- Historic Sites
A gracious antebellum city of stern-wheelers and cotton money; a restless, violent city with a hot grain of genius at its heart; a city of calamity, desolation, and rebirth; a city that changed the way the whole world hears music. It’s all the same city, and it is this year’s Great American Place. Thomas Childers answers a summons to Memphis, Tennessee.
October 1998 | Volume 49, Issue 6
When I visited the Hunt-Phelan Home early on a bright, already humid morning in April, I found myself virtually alone taking the tour. At the entrance I was greeted by guides in period hoop skirts and issued a tape and headphones. Leading the visitor from room to room, the recorded story of the house is engagingly told by various members of the family, but particularly by its women. They weave family stories into the fabric of the estate’s history in a manner so compelling, so vibrant, that at times I found myself turning around as if I had been tapped on the shoulder, expecting to find the lady of the house beckoning me graciously into the adjoining parlor or library. Over the years, I have taken a great many such tours, from Appomattox Courthouse to Versailles, and none so successfully captures a sense of historical time and place as this lonely antebellum estate on Beale Street.
However much Memphians may have resented the Federal occupation, the city’s commerce did not suffer unduly during the war years. In fact, the enterprising business community quickly adapted, selling cotton to the Yankees and, under the very noses of the Union authorities, nails, shoes, and gunpowder to Rebel agents.
The war did nonetheless bring momentous changes to Memphis, far-reaching changes that would increasingly define the social and cultural contours of the city. During its early years Memphis had been overwhelmingly white, its inhabitants largely Southern Anglo-Saxons, with an admixture of Irish and Italian newcomers. But shortly after Federal troops arrived, Union authorities established a freedmen’s camp for escaping slaves just south of town. As the fortunes of the Confederacy waned, the camp population mushroomed, and when the war ended in 1865, most of the freedmen decided to stay on. Many moved into the south part of town around Beale Street, swelling the black population from four thousand to fifteen thousand. The city acted as a magnet for blacks from all over the rural South, and within just a few years after Lee’s surrender, 40 percent of Memphis’s population was black. Well before other cities, Northern or Southern, Memphis was on its way to developing a distinct African-American community, and in the years of Reconstruction that community continued to grow.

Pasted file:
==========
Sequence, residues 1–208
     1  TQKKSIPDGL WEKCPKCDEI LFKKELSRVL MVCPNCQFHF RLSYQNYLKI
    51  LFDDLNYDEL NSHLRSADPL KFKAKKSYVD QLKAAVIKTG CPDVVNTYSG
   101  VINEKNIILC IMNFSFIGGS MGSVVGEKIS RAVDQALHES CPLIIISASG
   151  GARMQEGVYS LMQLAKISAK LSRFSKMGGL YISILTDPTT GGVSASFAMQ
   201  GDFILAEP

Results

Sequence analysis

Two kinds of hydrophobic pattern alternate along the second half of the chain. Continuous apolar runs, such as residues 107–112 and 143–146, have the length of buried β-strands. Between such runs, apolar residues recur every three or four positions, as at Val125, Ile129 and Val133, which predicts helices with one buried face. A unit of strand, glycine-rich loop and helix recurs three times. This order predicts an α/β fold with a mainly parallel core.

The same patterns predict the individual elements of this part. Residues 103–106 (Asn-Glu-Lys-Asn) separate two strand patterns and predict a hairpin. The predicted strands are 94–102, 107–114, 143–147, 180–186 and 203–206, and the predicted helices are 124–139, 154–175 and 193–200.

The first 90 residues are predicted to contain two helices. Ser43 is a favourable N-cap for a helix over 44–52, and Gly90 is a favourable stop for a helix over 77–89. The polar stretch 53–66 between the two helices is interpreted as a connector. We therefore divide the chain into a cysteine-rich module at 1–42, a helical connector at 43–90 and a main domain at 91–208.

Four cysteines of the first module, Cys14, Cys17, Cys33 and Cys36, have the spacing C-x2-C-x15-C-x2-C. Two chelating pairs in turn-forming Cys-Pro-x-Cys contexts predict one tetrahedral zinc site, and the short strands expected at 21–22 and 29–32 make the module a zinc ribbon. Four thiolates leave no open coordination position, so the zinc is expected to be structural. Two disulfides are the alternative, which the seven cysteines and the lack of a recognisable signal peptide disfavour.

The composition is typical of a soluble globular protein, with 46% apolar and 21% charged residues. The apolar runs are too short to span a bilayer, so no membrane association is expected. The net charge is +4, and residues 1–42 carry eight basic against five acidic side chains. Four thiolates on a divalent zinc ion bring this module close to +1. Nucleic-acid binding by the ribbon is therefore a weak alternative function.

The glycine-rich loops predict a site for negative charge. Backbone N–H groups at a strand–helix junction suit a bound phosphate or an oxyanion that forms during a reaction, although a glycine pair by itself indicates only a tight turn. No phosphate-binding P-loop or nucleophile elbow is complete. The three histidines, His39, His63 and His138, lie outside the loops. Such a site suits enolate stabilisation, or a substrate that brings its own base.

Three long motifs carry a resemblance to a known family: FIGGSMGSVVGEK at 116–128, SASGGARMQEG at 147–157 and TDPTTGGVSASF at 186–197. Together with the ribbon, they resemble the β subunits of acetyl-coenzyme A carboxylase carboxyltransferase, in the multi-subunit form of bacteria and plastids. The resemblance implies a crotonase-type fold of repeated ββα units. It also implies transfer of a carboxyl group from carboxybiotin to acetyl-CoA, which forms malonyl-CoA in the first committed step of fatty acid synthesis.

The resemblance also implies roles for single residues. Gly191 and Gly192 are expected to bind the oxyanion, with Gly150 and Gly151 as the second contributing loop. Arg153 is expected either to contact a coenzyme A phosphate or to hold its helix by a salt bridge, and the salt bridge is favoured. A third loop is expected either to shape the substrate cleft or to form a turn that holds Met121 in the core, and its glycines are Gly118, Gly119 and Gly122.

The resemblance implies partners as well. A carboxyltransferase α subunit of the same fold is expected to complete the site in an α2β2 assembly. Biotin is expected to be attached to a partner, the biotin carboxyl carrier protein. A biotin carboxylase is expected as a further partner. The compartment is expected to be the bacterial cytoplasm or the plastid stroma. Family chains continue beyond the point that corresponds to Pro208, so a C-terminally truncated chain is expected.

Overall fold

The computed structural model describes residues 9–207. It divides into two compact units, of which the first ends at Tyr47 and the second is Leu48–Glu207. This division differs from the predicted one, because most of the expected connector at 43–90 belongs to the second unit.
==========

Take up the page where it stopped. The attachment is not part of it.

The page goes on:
Having been spared the devastation of war, the city in the late 1860s and 1870s was ravaged by a series of catastrophic yellow fever epidemics that killed thousands and forced thousands more to flee. By the end of the decade Memphis was bankrupt and virtually abandoned, prompting the state to revoke its city charter in 1879. From this extreme low ebb Memphis staged a remarkable comeback, riding a surge of revived river trade that swept the Mississippi Valley in the following decades. By the late 1880s the city had re-emerged as the cotton center of the South, and in the 1890s it became the world’s largest hardwood market.
Well before other cities, Northern or Southern, Memphis was developing a true African-American community.
The commission houses of the great cotton brokers still look toward the river from Cotton Row on Front Street between Exchange and Union, though most have long since been converted into architects’ studios, law firms, and restaurants. The ornate Cotton Exchange Building, constructed in 1873 and featured prominently in the film version of John Grisham’s The Firm , is still the centerpiece of Cotton Row, and although the hectic bustle of the nineteenth-century cotton business has subsided, Memphis remains to this day the world’s largest spot market for the commodity.
More striking vestiges of the city’s Gilded Age effulgence may be found just a few blocks away, on what locals once referred to as Millionaires’ Row. During the last quarter of the nineteenth century, this was an avenue of cotton merchants’ houses, running from the river eastward along Adams Avenue—a series of Italianate villas, Second Empire French mansions, and Victorian estates strung like pearls along the lush tree-lined street. Today only a handful of these magnificent estates remain, clustered together in a two-block area called the Victorian Village Historic District in an otherwise dreary, mildly decaying neighborhood. The Mallory-Neely House, built in 1852, and the nearby Woodruff-Fontaine House, from the 1870s, are exquisite period gems that have been restored with elaborate attention to detail. A successful cotton merchant who bought his house in 1883, James C. Neely purchased an enormous stained-glass window at the 1893 Chicago world’s fair and built an expansive landing into the house’s main staircase to display his acquisition. The window is as stunning today as it was one hundred years ago, but if you stand on the landing and peer through one of the tiny leaded panes, you cannot miss the faded grandeur of the era and the haunted quality that clings to the remaining houses. The cotton coming upriver is no longer visible, but the pawnshops of Poplar Avenue will stare back at you from just a block away.